Buddhism

Buddhism Overview
Overview

Buddhism Overview

Buddhism was founded in northeastern India during the 5th or 4th century BCE by a man named Siddhartha GautamaAlthough best known by his Sanskrit name, “Siddhārtha Gautama,” the Buddha’s original name in Pāḷi was Siddhattha Gotama. In addition, he is frequently known as Śākyamuni (c. 6th- c. 4th cen. BCE). After attaining nirvana, Gautama became known as the Buddha. The goal of the Buddhist religion is to eliminate suffering by achieving the same enlightenment as Gautama. Although Buddhism

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Original Enlightenment
Beliefs

Original Enlightenment

The doctrine of original enlightenment  is exclusive to the Tendai  sect of Mahayana Buddhism practiced only in Japan.  According to this view—prominent from the 11th through the 16th century—perfect buddhahood is already manifested by all sentient beings; it is no longer an aim for all Buddhists to achieve.  Even mundane aspects of life such as sleeping are seen as related to enlightenment itself. Pictured is a Japanese Buddhist statue; the Japanese sect Tendai is the o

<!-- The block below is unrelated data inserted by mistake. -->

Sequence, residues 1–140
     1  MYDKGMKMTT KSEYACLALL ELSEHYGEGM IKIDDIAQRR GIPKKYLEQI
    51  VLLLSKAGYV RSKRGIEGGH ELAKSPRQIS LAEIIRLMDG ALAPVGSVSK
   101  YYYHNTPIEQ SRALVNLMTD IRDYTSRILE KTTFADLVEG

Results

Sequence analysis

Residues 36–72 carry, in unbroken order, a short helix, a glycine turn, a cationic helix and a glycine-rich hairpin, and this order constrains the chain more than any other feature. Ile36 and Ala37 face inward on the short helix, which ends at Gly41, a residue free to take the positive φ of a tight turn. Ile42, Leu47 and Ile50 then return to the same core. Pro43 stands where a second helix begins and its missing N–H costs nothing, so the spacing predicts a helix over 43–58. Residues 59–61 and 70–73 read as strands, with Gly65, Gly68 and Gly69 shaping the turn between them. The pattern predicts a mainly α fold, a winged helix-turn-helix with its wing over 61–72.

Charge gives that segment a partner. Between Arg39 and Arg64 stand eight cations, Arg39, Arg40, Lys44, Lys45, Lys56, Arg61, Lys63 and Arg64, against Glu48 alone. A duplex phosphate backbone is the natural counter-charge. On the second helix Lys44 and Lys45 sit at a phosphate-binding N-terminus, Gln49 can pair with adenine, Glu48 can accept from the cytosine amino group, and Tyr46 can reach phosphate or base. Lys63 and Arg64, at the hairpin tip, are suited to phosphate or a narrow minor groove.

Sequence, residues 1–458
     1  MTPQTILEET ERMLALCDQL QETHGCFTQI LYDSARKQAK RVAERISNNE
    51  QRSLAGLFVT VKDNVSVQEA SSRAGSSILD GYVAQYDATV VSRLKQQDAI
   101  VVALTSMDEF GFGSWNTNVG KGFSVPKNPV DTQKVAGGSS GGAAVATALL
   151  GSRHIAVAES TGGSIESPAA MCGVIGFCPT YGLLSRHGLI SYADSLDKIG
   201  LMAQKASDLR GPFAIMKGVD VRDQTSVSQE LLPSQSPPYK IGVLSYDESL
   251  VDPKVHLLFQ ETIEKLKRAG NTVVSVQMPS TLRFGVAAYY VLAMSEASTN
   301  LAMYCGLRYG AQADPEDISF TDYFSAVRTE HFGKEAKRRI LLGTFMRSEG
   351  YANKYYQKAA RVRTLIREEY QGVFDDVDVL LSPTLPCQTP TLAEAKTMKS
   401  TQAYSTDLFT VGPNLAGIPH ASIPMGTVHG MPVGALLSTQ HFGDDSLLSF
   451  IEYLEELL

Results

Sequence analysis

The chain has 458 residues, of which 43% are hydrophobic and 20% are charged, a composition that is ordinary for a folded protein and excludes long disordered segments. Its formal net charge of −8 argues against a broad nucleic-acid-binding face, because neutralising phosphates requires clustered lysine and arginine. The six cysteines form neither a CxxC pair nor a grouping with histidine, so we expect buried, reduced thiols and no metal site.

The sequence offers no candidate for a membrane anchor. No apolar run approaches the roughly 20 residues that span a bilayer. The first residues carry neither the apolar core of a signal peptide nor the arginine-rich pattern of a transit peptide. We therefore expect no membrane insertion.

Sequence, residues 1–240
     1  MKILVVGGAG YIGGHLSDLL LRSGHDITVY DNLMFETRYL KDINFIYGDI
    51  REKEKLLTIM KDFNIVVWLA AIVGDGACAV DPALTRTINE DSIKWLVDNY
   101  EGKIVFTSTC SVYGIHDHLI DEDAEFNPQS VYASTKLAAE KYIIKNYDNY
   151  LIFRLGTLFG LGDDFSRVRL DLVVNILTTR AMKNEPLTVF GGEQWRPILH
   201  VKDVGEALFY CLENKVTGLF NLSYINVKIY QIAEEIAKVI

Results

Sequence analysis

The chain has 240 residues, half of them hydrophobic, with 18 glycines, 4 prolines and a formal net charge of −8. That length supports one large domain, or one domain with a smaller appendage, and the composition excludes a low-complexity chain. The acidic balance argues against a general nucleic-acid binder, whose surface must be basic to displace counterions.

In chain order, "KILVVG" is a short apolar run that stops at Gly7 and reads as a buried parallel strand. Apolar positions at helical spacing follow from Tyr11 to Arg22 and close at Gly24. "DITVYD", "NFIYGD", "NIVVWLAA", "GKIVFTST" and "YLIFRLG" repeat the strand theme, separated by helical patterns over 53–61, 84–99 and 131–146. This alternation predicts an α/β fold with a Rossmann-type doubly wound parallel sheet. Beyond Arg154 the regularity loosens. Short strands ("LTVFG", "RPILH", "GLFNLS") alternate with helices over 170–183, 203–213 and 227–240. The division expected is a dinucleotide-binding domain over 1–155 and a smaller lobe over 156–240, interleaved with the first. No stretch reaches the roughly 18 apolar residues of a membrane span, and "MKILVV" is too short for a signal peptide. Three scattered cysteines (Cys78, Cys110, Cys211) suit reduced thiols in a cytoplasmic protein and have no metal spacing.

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Denominations

Madhyamaka Buddhism

Madhyamaka Buddhism is a Mahayana Buddhist denomination. Its name can be attributed to an ideology of the legendary 2nd century CE Buddhist philosopher, Nagarjuna. Rather than believing that all things in the world are eternal, or that all things in the world do not inherently exist, he took a "middle way," believing that all things in the world exist, but are inherently empty. Madhyamaka Buddhism is primarily a philosophical denomination. Adherents reject the idea that all phenomena in the w

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Practices

Asceticism

Within the context of Indian religions, asceticism is a general term for various practices that involve intense self-denial and other spiritual training.  Practitioners of asceticism—called ascetics—are spiritually called to voluntarily reject their families, their possessions, and most importantly, their places in the world. This practice calls for complete withdrawal from the secular world in order to embrace personal, spiritual experiences. These experiences may involve receiving the re

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